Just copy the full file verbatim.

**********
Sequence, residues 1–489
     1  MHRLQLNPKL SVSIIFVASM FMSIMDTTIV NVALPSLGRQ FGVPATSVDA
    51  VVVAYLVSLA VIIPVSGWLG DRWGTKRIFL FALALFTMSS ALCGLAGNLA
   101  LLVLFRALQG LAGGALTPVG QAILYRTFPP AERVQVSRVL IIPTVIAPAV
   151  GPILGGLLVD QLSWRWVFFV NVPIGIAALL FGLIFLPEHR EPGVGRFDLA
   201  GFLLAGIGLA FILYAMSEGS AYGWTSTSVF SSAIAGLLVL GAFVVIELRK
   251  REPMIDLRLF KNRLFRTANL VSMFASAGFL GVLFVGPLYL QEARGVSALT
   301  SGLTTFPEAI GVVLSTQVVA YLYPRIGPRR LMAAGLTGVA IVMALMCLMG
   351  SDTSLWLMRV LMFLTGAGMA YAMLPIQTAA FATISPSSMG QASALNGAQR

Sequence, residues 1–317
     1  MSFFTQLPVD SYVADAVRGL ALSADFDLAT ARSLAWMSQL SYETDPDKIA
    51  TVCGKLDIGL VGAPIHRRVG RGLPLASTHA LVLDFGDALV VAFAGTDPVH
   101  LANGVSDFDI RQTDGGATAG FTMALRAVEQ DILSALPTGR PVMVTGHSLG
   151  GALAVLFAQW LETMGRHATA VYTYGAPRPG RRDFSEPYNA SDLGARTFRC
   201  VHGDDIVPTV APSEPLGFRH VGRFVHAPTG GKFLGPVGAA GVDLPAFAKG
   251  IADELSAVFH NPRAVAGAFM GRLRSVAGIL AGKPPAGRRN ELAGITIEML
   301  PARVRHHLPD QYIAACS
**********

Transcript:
Sequence, residues 1–489
     1  MHRLQLNPKL SVSIIFVASM FMSIMDTTIV NVALPSLGRQ FGVPATSVDA
    51  VVVAYLVSLA VIIPVSGWLG DRWGTKRIFL FALALFTMSS ALCGLAGNLA
   101  LLVLFRALQG LAGGALTPVG QAILYRTFPP AERVQVSRVL IIPTVIAPAV
   151  GPILGGLLVD QLSWRWVFFV NVPIGIAALL FGLIFLPEHR EPGVGRFDLA
   201  GFLLAGIGLA FILYAMSEGS AYGWTSTSVF SSAIAGLLVL GAFVVIELRK
   251  REPMIDLRLF KNRLFRTANL VSMFASAGFL GVLFVGPLYL QEARGVSALT
   301  SGLTTFPEAI GVVLSTQVVA YLYPRIGPRR LMAAGLTGVA IVMALMCLMG
   351  SDTSLWLMRV LMFLTGAGMA YAMLPIQTAA FATISPSSMG QASALNGAQR

Sequence, residues 1–317
     1  MSFFTQLPVD SYVADAVRGL ALSADFDLAT ARSLAWMSQL SYETDPDKIA
    51  TVCGKLDIGL VGAPIHRRVG RGLPLASTHA LVLDFGDALV VAFAGTDPVH
   101  LANGVSDFDI RQTDGGATAG FTMALRAVEQ DILSALPTGR PVMVTGHSLG
   151  GALAVLFAQW LETMGRHATA VYTYGAPRPG RRDFSEPYNA SDLGARTFRC
   201  VHGDDIVPTV APSEPLGFRH VGRFVHAPTG GKFLGPVGAA GVDLPAFAKG
   251  IADELSAVFH NPRAVAGAFM GRLRSVAGIL AGKPPAGRRN ELAGITIEML
   301  PARVRHHLPD QYIAACS